The exhibition Manual Dialogues welcomes Brazilian design studio TomaziCabral’s, an exhibition as much about the process of collaboration as it is about the remarkable handcrafted statement pieces that are the result. The Fluxo collection of lighting provides the show’s focal point. In creating these beautifully tactile lighting installations, Nicole Tomazi and Sergio Cabral held an open call to recruit seven crochet enthusiasts and one lighting designer from cities across Brazil. While the pair identified a palette, designated a crochet stitch, and supplied yarn, they kept the brief open to see what would emerge from the inventive process and participants.
“We used a freestyle way of working,” Cabral explains. “Each person started a piece and then sent it in the mail to the next person, who would receive a piece and do whatever they wanted, whatever they felt they needed to do.” To eliminate their own influence over the direction of the work, Tomazi and Cabral had no interaction with the makers over the four-month production period. “We wanted to see the work of everyone,” he says, “and see what new directions the members of the group would bring.”
In Brazil, it is not unusual for a design studio to create a product template and then commission handicraft artisans to reproduce it in quantity. Fluxo breaks that mold by letting collaborative evolution take over with no fixed idea of the eventual object in sight. Participants Camila Bernadeli, Cristiana Bertolucci, Ian Diesendruck, Isabel Muxfeldt, Marcella Sotratti, Thainá Dluglosz, and Vera Skitnevsky were agents in both the design and execution of the handcrafted pieces.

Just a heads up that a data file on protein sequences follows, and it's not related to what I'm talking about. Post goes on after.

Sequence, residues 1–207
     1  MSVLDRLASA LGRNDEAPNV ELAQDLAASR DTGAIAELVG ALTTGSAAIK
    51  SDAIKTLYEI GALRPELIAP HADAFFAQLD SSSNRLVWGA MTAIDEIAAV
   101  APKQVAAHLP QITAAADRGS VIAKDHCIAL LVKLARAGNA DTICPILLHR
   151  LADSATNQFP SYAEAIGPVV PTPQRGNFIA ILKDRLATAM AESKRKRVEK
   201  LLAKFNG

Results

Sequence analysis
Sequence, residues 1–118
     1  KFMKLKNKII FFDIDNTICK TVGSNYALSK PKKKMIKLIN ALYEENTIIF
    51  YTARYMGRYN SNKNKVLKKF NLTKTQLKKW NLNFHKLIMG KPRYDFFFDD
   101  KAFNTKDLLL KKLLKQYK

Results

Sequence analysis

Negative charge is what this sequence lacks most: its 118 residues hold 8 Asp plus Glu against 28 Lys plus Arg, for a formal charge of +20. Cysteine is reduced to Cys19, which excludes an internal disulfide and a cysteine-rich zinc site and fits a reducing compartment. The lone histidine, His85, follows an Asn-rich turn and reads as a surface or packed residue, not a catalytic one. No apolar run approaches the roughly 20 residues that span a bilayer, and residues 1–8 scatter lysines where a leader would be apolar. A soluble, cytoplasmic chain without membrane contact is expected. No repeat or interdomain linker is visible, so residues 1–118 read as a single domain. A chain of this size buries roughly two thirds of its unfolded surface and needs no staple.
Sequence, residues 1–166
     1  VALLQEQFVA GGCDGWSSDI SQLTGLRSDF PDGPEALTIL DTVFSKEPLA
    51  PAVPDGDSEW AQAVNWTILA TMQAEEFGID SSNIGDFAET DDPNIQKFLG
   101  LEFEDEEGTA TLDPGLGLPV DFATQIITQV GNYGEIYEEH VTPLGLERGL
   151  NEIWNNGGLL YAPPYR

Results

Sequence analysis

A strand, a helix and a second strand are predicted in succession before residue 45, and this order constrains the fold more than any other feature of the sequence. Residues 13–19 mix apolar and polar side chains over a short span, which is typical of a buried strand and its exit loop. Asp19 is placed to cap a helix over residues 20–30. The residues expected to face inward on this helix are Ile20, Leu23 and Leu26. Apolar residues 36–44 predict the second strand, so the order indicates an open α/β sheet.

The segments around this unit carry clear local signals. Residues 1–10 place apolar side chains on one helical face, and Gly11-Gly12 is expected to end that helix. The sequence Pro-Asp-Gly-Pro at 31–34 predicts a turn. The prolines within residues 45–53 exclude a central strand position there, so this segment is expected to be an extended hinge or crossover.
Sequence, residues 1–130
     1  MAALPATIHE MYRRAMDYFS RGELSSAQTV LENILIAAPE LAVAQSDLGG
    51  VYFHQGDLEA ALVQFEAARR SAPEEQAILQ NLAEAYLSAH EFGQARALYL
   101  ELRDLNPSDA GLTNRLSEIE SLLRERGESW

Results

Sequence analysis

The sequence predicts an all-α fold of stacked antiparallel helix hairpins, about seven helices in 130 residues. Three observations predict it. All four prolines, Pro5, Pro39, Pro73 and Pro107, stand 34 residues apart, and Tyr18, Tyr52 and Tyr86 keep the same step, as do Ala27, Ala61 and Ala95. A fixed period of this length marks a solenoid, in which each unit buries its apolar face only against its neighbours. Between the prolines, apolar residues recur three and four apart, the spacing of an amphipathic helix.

“This is not a top-down project where artisans are producing something for us,” Tomazi affirms. “This is the first experience that we have had of this blind process where the pieces grew as an expression of each of the participants of the group. The result for us is something really new.”
Alongside Fluxo, the show will also feature a series of unique pieces from TomaziCabral’s Psilo collection. Envisaged as a garden of shapely glass mushrooms includes vases and tables made one by one from hand-blown glass. The nuanced color saturation of each object – a result of both process
and raw material – speaks to TomaziCabral’s free-spirited, exploratory approach and commitment to allowing nature to take its course. On the walls, prints and paintings by a selection of Brazilian artists – Manoela Medeiros, Lucia Koch, and Amelia Toledo – round out the show.
Salon founder, Amanda Pratt is “thrilled to have the opportunity to introduce the collectible design practice of Tomazicabral to the US art and design community. Nicole and Sergio are at the forefront of the new wave of Brazilian contemporary makers. Their work will definitely have a place in the lexicon of Brazilian design.”
Manual Dialogues is open to the public from September 22 through November 16th.